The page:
Here’s a trivia question for you: This entity saw its first oil well drilled in 1923 on acreage in West Texas. In its fiscal year ending in August, it was producing 220,000 boe/d. Who is it?

It’s an endowment called the University of Texas System Lands.

If it were a company, it would be one of the top five oil producers in Texas. It manages 9,000 producing wells on 2.1 million fee acres, and some 120 operators drill on its lands.

Known as UL, University Lands was formally established by the Texas Constitution in 1876 for the benefit of funding the UT and Texas A&M systems of higher education. Revenue from oil and gas mineral leases on University Lands flows to the Permanent University Fund, an endowment that today is valued at $17.5 billion.

Its under-the-radar profile may be about to change, because Mark A. Houser, former president and CEO of EV Energy Partners LP, became the first-ever CEO of the University Lands Office in March 2015.

“This is an endowment we will hold forever, so how do we want to manage it? How much do we want to push these leases? Do we want to alter our royalty rates?” Houser told the Houston Energy Finance Group in October.

“These are very unique assets. If we were a public royalty company based on current market conditions, we’d be valued at about $14- to $16 billion,” Houser said. At one point UL was generating as much as $1 billion annually before oil prices crashed.

The University of Texas System board of regents decided it was time to build a professional, more proactive management team.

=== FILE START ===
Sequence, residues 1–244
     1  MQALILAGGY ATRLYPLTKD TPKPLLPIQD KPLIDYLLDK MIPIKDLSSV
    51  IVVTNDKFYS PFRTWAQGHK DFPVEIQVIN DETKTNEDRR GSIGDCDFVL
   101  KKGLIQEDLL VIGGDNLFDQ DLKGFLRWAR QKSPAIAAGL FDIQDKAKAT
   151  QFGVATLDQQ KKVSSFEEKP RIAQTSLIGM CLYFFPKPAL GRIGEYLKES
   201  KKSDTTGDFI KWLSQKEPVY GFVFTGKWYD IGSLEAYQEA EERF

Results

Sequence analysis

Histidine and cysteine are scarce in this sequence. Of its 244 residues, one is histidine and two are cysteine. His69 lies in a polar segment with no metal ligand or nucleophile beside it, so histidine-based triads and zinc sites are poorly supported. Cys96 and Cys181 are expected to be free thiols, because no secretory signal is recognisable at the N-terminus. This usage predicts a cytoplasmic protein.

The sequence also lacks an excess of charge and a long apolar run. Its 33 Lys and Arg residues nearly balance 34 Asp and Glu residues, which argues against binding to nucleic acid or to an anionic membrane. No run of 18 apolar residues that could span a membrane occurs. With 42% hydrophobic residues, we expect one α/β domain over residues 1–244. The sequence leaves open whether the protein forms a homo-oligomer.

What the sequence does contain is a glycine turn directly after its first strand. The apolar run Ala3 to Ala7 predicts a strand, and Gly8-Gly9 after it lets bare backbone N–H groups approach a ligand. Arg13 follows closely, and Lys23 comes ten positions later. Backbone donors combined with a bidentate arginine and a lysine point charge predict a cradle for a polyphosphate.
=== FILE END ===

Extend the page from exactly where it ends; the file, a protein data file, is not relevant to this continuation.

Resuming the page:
“Part of my job is to educate the regents on what we have, its value and how to better manage our cash flow,” Houser said, adding that “we’ll probably drill about 200 wells this year.”

When Houser was appointed in March, regent Jeff Hildebrand, CEO of Hilcorp Energy Co., an independent based in Houston, said, “Recent advances in technology have dramatically improved the ability to recover oil and gas from reservoirs that previously were non-productive. As a result, gross production on University Lands has more than doubled since 2008, and revenue has tripled since 2010.”

The profile of University Lands should increase now. Houser intends to run it “less like an agency and more like a professional minerals company,” he said.

“This is really like managing a giant, cash-flow-positive ranch,” he said. “We have oil and gas production. We are one of the largest producers of water in the state. We manage the largest pronghorn herd in the country. We have a winery, a wind farm…and we just signed an easement for a company to build a gas pipeline across our lands into Mexico.”         

Since taking over as CEO, Houser has sought to create “a more business-oriented, forward-looking culture.” To that end he has hired two geologists and brought on some other technical people in oil and gas, water management and a general counsel. His “boss” is the board of regents, which includes several prominent alums who are highly successful independent oil and gas producers, including Alex Cranberg of Aspect Resources in Denver and Hildebrand.

Two-thirds of the University Lands’ oil and gas revenues go to the University of Texas and one-third to Texas A&M. Once a month royalty income is swept into Utimco, the University of Texas Investment Management Co., and once a year Utimco sweeps a distribution into the Permanent University Fund (PUF) that aids the two schools.

Total fiscal year 2016 revenues are estimated to be $600- to $800 million based on 15.4 million boe of production—down from the peak in 2014 but still significant, Houser said. The biggest driver of income is not upfront fees, but the royalty income generated from production.